Culture of Consumerism, Gender Roles, and Violence in Romero’s Night of the Living Dead and Boyle’s 28 Days Later

2773 WordsFeb 21, 201811 Pages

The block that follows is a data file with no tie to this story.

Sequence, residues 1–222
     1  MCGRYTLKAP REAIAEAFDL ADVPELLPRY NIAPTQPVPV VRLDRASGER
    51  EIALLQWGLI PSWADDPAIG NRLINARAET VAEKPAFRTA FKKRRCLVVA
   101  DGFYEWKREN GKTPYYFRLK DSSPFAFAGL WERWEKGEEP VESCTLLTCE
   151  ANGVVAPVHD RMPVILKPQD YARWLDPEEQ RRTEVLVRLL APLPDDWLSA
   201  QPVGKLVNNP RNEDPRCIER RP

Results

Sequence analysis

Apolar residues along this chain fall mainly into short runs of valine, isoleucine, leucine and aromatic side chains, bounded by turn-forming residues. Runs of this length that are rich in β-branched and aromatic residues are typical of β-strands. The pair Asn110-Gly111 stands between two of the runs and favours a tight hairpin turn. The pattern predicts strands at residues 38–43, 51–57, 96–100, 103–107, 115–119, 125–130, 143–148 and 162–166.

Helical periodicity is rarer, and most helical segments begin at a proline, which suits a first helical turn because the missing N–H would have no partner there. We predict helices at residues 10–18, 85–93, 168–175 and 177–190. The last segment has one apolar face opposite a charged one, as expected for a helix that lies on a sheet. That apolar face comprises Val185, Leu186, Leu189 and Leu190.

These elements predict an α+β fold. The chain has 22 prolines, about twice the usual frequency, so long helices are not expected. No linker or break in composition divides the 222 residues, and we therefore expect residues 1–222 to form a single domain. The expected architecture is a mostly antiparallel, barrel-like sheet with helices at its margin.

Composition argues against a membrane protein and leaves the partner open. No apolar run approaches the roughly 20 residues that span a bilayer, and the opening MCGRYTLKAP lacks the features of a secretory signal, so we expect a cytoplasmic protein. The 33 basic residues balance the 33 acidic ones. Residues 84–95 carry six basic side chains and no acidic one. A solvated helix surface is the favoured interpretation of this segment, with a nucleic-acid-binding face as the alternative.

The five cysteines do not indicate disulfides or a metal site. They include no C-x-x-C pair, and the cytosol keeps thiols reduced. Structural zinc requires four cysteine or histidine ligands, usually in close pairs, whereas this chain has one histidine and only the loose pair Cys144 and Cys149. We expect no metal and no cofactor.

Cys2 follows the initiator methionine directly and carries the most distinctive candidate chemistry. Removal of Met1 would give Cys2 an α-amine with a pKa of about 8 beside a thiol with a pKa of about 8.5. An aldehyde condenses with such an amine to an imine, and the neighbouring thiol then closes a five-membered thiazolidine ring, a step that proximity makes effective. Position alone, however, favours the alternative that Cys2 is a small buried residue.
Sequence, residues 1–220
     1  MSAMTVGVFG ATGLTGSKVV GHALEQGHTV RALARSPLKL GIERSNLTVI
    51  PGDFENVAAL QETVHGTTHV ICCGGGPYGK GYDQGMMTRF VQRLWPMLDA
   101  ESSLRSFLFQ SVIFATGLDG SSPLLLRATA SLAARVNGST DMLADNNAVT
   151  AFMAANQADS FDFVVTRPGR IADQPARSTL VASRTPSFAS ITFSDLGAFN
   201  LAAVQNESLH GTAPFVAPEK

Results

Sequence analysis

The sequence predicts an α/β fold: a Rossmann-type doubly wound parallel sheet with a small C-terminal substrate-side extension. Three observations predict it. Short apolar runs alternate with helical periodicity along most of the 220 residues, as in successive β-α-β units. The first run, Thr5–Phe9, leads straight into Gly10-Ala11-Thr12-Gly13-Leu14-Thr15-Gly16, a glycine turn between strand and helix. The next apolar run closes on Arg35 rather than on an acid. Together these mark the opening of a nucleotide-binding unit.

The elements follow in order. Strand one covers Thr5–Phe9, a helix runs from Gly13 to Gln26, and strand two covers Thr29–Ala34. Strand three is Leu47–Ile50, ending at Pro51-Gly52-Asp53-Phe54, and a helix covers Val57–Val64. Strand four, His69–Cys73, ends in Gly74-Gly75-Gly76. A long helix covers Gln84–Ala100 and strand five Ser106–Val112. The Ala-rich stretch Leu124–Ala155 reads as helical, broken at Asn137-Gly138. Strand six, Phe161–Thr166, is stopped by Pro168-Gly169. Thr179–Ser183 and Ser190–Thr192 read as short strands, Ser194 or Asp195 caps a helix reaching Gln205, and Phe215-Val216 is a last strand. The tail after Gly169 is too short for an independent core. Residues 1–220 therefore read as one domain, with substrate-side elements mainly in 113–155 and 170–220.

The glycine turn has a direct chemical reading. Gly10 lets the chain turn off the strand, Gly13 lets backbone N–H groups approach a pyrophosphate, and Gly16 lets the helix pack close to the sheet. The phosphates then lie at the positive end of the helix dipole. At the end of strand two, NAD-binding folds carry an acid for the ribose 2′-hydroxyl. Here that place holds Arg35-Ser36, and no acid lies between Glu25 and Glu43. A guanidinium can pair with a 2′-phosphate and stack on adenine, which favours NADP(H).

Culture of Consumerism, Gender Roles, and Violence: Romero’s Night of the Living Dead (1968) and Boyle’s 28 Days Later (2002) I would like to address the culture of consumerism, our desire for violence, and the change in gender roles from Romero’s Night of the Living Dead, to Boyle’s 28 Days Later. Since the beginning, humanity has overcome diseases that could potentially wipe out the human race. From earliest forms diseases such as measles to modern day pandemics such as AIDS, mankind has survived throughout history. Though diseases have plagued society it was only after the outbreak of the HIV virus in 1981 that brought to attention the dangers of incurable diseases. Before this time, with World War I and II, and the Cold War, public fear was based on the potential chance of a nuclear destruction of the planet. Since the outbreak of the HIV in 1981, public anxiety has been displaced from nuclear winter to that of microbial plagues. The enemy was now no longer a visible foe but that of an unknown contagion with no knowable cure. Recently in 2009, with the outbreak of the Swine Flu (H1N1) Virus public alert of the dangers of contagions increased. Science Fiction films since the outbreak of HIV have reflected the public fear of the unknown and unbeatable contagions. Films such as Outbreak (1995), Contagion (2011) and the recent World War Z (2013) have shown audiences a creative window of possible outcomes of an epidemic and what man would do in order to stop the

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